Graptoveria doesn’t need much water, you’ll only need to water it about once a week, or even less during the winter months. If the soil dries out completely before your next watering, the leaves will start to shrivel. If the leaves are soft and limp, that means the plant has had too much water. To avoid this, make sure you use soil that drains well and that your pot has a drainage hole at the bottom.
To encourage blooms, the plant needs a dormant period in winter with no fertilizer. When grown indoors, keep the plant near an east or west-facing window or under artificial light. It can also be grown outside in U.S. Department of Agriculture zone 9b or higher where temperatures don’t drop below 25 degrees F (-3 C.).
Graptoveria plants are propagated by their leaves, which often fall off the plant. To start to propagate your Graptoveria plant, cut off a stem of the plant and remove the bottom leaves. Leave at least two leaves on the stem.
Next, you will want to prepare your soil to plant your Graptoveria propagation. Mix potting soil and perlite in equal parts and add some sand or pumice to create more drainage. Place a layer of the mixed soil in a small pot. Then, make a hole in the middle of this layer with your finger or a small stick.
Place the Graptoveria propagation into the hole so that at least one leaf is below the surface of the soil. Cover it with another layer of mixed soil and pat it down lightly around the base of your leafy cutting. Water your plant until there’s water coming out of the drainage holes in its pot. The soil should be consistently moist but not soggy or wet.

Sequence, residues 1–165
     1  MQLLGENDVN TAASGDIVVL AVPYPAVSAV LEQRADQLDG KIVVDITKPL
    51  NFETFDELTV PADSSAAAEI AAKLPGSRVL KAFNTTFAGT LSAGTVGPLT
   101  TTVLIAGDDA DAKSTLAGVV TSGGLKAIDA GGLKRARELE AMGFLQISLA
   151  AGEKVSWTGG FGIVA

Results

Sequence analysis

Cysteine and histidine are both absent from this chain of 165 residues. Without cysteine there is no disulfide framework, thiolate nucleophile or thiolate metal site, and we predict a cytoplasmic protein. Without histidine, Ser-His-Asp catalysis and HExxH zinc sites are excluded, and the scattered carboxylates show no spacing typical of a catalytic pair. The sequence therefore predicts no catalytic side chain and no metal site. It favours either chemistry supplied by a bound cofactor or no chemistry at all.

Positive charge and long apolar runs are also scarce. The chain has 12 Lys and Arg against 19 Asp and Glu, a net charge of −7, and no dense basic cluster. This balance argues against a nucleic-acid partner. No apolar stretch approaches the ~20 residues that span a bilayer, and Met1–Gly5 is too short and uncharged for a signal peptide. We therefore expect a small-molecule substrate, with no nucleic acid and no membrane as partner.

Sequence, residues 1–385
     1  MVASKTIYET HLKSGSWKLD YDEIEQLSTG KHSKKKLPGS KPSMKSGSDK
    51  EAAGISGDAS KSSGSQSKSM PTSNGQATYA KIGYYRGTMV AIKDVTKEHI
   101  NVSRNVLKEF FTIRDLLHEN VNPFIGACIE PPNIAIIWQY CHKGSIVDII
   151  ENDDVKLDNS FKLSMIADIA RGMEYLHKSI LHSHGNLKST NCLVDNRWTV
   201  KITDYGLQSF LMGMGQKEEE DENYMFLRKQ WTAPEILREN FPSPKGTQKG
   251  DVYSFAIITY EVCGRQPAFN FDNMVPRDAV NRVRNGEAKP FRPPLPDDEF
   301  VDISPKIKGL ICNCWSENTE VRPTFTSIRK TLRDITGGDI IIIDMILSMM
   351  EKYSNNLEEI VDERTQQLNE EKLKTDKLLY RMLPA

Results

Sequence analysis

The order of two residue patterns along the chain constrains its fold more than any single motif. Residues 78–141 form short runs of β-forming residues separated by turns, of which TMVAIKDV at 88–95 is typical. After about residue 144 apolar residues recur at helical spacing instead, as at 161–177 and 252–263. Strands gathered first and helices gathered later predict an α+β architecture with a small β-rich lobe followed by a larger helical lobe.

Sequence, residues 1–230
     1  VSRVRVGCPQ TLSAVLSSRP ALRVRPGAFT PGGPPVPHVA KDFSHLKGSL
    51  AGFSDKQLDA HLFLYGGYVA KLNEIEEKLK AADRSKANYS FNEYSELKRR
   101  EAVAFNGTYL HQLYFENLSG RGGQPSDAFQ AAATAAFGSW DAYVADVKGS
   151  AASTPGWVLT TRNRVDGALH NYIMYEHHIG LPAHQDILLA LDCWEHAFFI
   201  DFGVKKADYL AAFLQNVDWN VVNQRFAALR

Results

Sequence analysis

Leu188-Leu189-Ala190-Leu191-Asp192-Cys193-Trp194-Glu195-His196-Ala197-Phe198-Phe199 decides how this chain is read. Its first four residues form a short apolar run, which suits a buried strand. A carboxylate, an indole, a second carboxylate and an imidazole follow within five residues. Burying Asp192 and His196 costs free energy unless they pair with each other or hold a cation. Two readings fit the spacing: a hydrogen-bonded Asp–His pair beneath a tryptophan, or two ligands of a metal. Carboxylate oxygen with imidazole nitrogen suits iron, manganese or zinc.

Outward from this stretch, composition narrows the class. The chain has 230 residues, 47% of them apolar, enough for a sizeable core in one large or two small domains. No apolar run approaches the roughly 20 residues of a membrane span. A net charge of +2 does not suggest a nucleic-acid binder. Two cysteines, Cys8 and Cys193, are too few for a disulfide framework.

In about four weeks, small roots will start growing from your cutting. Once these roots have grown, you can transplant them into a larger pot if desired.
Pest and Disease Control
Graptoveria plants are known for their easy care, but that doesn’t mean they’re immune to pests and diseases. Here’s how to know if your plant has a problem—and what to do about it.
The pests most likely to bother your Graptoveria are mealybugs, spider mites, and scale insects. If you notice areas of discoloration on the leaves of your plant, or if you notice a cottony layer on the stems or leaf nodes, these can be signs that mealybugs have moved in. Because they hide in crevices and on the undersides of the leaves, they can be hard to detect until they grow into an infestation. If you see them early, wipe them off with an alcohol-dipped rag. But if they’ve become too numerous to manage by hand, use a commercial insecticidal soap.
Spider mite infestations also appear as patches of discoloration on the leaves, and can sometimes cause the foliage to drop prematurely. Spider mites are tiny creatures that love dry conditions—watering your plant more frequently will usually do the trick. But if the mites have already done damage to your plant, you may need to treat it with neem oil.
Graptoveria plants are not usually affected by fungal disease. However, if they are over-watered, they can become prone to root rot, which will cause the leaves to fall off. When this occurs, you should report the plant in dry soil and allow it to dry out before watering again.